New Guinean passerines have globally small clutch-sizes

Benjamin G. Freeman, Cornell University
Nicholas A. Mason, Cornell University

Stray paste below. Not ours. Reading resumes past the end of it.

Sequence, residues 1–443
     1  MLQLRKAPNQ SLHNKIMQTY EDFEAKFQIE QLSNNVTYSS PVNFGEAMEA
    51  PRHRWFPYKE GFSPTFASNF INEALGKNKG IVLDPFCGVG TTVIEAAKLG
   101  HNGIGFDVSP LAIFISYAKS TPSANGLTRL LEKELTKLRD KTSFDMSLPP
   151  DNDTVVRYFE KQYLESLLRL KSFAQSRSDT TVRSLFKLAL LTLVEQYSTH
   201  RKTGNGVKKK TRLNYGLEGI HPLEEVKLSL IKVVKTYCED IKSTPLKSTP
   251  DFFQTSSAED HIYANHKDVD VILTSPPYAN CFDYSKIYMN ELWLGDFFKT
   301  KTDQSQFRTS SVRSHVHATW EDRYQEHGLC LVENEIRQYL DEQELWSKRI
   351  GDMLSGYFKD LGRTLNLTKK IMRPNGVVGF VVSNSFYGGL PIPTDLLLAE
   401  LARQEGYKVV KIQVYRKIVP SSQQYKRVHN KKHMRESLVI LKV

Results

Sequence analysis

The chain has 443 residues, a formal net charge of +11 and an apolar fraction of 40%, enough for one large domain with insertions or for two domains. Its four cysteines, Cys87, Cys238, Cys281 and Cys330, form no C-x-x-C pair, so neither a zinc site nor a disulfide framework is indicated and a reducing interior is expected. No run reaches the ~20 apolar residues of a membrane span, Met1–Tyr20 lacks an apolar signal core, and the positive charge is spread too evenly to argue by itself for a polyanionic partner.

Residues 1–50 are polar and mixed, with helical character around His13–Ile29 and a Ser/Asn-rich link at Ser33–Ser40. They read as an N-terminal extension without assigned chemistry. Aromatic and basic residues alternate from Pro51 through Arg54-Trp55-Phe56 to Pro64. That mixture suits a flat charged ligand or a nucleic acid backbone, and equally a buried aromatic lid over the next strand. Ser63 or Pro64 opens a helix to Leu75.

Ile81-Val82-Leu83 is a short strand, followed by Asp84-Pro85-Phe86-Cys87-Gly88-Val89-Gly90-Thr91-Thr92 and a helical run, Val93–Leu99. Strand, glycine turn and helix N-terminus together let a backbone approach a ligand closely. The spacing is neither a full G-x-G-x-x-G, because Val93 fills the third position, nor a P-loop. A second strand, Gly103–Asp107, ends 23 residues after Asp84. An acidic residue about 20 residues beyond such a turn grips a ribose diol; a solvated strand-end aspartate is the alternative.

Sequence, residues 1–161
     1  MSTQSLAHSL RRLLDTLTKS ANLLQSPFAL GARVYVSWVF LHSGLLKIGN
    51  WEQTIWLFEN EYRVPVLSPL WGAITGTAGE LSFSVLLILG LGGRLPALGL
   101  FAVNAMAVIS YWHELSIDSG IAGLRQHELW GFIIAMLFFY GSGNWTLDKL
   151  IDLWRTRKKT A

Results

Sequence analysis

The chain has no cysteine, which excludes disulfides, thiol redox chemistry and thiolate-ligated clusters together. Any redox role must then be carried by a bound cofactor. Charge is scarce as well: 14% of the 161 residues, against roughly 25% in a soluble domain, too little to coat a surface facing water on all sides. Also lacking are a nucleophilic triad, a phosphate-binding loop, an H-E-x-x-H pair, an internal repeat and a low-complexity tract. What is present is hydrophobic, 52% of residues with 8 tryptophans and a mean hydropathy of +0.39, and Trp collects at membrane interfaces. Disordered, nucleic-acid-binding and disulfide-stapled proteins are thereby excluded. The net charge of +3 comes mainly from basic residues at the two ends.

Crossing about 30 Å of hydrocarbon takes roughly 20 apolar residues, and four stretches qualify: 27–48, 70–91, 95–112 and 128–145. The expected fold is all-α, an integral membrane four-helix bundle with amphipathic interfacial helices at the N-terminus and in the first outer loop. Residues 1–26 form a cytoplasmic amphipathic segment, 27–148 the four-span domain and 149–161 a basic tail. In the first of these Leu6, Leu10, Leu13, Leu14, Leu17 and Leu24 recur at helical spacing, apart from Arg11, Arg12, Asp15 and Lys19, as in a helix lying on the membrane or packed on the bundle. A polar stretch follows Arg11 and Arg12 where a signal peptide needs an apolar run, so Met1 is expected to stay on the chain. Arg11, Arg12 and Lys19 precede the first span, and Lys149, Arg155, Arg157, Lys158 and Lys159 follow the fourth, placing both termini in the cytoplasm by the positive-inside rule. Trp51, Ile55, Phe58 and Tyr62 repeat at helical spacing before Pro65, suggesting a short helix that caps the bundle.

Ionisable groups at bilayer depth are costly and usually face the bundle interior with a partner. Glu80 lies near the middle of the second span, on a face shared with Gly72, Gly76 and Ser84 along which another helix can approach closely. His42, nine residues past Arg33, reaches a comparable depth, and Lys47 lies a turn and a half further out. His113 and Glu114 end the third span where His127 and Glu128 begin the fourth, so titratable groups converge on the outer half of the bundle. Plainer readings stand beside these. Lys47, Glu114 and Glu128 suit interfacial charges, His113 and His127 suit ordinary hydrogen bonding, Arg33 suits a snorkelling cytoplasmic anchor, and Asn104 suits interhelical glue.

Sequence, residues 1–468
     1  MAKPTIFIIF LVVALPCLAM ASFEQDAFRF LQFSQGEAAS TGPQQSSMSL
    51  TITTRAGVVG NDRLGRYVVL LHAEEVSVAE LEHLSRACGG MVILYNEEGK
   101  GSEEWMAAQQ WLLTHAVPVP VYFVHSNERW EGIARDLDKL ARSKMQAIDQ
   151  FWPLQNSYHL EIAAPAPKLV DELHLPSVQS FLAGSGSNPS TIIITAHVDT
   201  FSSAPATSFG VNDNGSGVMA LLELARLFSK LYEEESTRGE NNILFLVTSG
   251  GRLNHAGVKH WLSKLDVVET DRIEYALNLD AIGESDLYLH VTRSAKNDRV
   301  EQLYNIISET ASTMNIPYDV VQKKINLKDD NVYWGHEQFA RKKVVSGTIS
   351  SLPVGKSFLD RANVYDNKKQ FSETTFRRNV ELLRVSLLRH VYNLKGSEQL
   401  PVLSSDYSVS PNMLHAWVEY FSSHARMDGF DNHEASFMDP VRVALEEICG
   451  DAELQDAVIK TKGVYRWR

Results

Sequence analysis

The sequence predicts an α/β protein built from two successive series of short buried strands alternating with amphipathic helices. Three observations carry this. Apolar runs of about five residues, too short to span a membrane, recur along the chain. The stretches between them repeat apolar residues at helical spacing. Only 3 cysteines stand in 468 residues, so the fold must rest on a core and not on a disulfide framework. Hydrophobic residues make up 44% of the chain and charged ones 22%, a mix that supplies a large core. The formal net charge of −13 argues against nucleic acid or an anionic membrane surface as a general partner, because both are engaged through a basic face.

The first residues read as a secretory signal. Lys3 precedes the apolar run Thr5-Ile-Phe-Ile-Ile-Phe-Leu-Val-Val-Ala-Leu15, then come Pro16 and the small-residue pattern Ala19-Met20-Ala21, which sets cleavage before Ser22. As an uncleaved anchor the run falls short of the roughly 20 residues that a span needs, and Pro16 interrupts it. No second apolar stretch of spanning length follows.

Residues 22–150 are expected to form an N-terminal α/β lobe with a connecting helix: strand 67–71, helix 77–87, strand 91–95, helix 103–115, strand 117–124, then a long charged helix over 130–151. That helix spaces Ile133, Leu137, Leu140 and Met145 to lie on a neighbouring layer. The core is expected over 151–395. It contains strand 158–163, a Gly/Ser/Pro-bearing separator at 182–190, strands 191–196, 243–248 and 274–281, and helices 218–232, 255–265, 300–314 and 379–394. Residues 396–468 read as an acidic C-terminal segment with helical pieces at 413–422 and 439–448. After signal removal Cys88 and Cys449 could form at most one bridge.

© 2014 BirdLife Australia. Tropical birds have small clutches. The mechanisms responsible for generating this pattern remain debated, and are typically examined by comparing tropical species, with small clutches, to their temperate counterparts, with large clutches. However, variation in clutch-size among tropical regions is seldom considered. We show that New Guinean forest passerines lay markedly smaller clutches (n = 102 species; mean±s.d. = 1.52±0.48) than other tropical avifaunas. Whereas tropical species commonly lay two-egg clutches, a substantial number of New Guinean passerines appear to solely (38%) or frequently (24%) lay single-egg clutches. We used phylogenetic comparative methods to demonstrate that New Guinean passerines lay significantly smaller clutches than congeneric South-East Asian species. We also show that reductions in clutch-size have occurred multiple times among New Guinean passerines, suggesting phylogenetic constraint does not explain this pattern. Instead, current environmental factors, including high levels of parasitism or predation, may explain why New Guinean passerines lay small clutches. We conclude that variation in clutch-size between tropical regions offers a valuable opportunity to test drivers of this variation, such as parasitism and predation, originally developed within a tropical-temperate framework.